American economist and diplomat John Kenneth Galbraith, a US Ambassador to India in the early 1960s, famously dubbed India as a “functioning anarchy”. Beneath the visible chaos there was, even at that time, visible economic progress and social development within the framework of a constitutional democracy, based on the rule of law. Galbraith’s oxymoron captured this Indian reality. Yet another famous characterisation of the India of the 1960s was by Swedish economist and Nobel Prize-winner Gunnar Myrdal who called India a “soft state”, in his three-volume study of Asia titled The Asian Drama. A soft state, said Myrdal, is characterised by “all the various types of social indiscipline which manifest themselves by deficiencies in legislation and, in particular, law observance and enforcement, a widespread disobedience by public officials and, often, their collusion with powerful persons and groups... whose conduct they should regulate.”
The combination of a soft state—that tolerated considerable malfeasance on the part of its functionaries—in a social milieu defined by anarchy meant that there would be limits to the good and the bad of the ‘functioning’ part of both society and state. The views of Galbraith and Myrdal may well have influenced the thinking, both within the policy making circle and the social elite, that favoured the imposition of the Emergency by prime minister Indira Gandhi. The Emergency’s ‘hard state’, so to speak, was justified as a means of improving India’s “functioning” part and dealing with the challenge of social “anarchy”.
In response to that phase of Indian political development, a range of what have been called ‘civil liberties’ organisations, as opposed to political parties, came into existence. Counter-intuitively, the growth of such ‘social activism’, rather than of formal, organised party political activism, may have contributed to greater anarchism in Indian political life without making the society and the state more functional. While organised political parties, including the “parliamentary” Communist parties, commit themselves to working within the framework of the Constitution, many so-called ‘social activists’ feel no such compulsion, questioning the very legitimacy of the ‘rule of law’. The balance between ‘functioning India’ and ‘anarchic India’ then gets disturbed.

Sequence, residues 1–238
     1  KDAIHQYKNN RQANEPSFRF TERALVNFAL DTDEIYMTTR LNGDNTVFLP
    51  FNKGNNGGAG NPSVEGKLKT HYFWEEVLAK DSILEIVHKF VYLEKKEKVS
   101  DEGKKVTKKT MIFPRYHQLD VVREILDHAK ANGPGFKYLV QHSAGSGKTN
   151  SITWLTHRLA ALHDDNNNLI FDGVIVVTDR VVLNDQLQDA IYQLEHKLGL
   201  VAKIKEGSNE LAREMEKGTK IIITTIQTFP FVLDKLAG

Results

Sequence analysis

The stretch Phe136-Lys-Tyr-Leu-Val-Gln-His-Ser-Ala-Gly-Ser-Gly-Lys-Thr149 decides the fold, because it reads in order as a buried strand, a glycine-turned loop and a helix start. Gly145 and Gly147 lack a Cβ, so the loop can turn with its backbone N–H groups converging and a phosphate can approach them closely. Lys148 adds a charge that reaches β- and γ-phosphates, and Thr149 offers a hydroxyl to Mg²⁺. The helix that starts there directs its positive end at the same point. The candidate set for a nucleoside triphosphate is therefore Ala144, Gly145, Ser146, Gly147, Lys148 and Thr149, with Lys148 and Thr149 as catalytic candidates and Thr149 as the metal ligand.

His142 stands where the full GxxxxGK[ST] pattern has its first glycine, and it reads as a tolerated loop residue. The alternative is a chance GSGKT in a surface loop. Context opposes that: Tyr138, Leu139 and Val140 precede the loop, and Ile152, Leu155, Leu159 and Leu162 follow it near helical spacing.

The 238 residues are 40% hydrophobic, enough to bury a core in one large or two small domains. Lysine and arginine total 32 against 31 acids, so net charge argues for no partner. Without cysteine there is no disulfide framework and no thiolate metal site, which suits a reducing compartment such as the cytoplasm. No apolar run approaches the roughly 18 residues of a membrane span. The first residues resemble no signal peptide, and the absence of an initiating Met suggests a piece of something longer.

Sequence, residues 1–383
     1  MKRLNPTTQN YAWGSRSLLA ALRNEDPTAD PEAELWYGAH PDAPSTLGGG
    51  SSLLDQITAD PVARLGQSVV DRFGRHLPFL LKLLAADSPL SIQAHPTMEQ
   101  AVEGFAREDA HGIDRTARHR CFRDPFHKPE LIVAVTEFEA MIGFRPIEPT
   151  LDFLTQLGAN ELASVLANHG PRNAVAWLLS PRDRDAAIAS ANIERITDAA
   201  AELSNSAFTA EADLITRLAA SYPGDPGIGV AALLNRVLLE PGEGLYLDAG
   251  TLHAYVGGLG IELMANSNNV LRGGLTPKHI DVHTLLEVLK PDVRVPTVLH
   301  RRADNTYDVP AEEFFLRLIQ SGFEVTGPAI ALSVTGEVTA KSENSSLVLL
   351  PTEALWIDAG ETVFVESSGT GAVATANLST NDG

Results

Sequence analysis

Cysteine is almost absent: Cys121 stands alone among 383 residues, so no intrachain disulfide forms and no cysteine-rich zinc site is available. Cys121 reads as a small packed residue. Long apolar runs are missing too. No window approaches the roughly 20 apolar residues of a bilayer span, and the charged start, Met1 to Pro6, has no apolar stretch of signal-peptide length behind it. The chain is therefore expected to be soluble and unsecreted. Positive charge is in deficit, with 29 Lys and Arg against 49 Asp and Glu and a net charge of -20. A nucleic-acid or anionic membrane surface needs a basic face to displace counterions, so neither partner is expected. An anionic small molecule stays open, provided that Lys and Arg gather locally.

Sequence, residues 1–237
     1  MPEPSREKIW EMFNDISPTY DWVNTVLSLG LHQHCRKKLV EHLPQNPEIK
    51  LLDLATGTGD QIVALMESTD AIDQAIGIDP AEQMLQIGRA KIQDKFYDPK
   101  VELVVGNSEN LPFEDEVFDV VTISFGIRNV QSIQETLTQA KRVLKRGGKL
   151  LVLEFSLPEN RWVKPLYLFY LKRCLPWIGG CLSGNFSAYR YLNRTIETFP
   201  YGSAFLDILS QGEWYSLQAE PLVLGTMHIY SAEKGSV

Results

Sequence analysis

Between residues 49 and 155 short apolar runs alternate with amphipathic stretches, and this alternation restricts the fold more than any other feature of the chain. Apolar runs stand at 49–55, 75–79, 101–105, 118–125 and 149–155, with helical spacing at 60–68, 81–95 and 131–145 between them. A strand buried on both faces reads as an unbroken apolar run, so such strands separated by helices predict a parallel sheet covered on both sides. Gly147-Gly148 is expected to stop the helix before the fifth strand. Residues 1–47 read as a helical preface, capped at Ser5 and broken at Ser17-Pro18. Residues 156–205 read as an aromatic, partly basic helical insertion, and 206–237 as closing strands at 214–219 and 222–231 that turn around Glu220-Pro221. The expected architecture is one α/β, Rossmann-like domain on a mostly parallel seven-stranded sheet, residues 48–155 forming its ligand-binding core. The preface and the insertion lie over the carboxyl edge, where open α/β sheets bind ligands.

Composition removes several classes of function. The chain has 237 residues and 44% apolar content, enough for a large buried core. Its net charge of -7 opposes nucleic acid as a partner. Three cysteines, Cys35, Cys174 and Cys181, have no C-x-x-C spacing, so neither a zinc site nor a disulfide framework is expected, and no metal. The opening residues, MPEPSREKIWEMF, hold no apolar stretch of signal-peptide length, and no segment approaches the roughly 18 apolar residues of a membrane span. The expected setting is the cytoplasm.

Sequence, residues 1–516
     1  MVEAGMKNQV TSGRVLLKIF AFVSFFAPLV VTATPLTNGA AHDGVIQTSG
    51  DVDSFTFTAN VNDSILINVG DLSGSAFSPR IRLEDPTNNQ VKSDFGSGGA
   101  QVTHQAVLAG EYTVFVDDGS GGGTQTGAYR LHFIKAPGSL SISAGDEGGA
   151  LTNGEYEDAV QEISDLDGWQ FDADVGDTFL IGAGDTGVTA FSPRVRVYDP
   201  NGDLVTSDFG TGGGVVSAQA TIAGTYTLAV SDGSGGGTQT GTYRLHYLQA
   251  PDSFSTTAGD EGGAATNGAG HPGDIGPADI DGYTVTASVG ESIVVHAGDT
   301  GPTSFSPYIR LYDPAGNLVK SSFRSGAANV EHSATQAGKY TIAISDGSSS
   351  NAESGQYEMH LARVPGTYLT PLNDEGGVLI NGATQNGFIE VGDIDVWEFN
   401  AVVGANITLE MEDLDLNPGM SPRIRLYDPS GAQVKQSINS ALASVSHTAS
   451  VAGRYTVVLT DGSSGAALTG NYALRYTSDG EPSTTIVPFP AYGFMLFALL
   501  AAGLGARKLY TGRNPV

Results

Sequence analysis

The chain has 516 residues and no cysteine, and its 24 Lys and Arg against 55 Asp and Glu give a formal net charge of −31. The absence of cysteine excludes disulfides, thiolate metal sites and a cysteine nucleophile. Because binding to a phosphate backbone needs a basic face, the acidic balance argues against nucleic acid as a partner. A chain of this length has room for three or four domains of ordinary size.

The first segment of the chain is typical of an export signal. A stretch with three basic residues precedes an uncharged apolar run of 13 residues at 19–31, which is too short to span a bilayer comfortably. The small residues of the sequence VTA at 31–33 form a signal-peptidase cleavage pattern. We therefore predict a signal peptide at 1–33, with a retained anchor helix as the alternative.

In many ways that is what has been happening over the past few years with political parties yielding ideological space to social activists. This phenomenon was institutionalised in the form of the National Advisory Council during the tenure of the United Progressive Alliance government. Those who resented this trend and believed in strengthening the role of the state and various constitutional bodies felt that someone like Prime Minister Narendra Modi would do precisely that. His government, it was felt, would assert the rule of law and ensure that the institutions of the state are respected by civil society activists.
As we come to the end of Modi’s first term, the question worth considering is whether the Indian state has become less soft and has been able to assert itself, restoring the balance between a ‘functioning’ and ‘anarchic’ India? It may surprise many to realise that for all his tough image, and despite what his opponents say, Modi also presides over an India that is still a functioning anarchy. Social anarchism in India has been bolstered by the new technology of social media, characterised as it is both by an absence of oversight and regulation and by the dumbing down of discourse in the name of its democratisation. May be India functions better, but it has also become more anarchic.
Baru is an economist and a writer. He was adviser to former prime minister Manmohan Singh.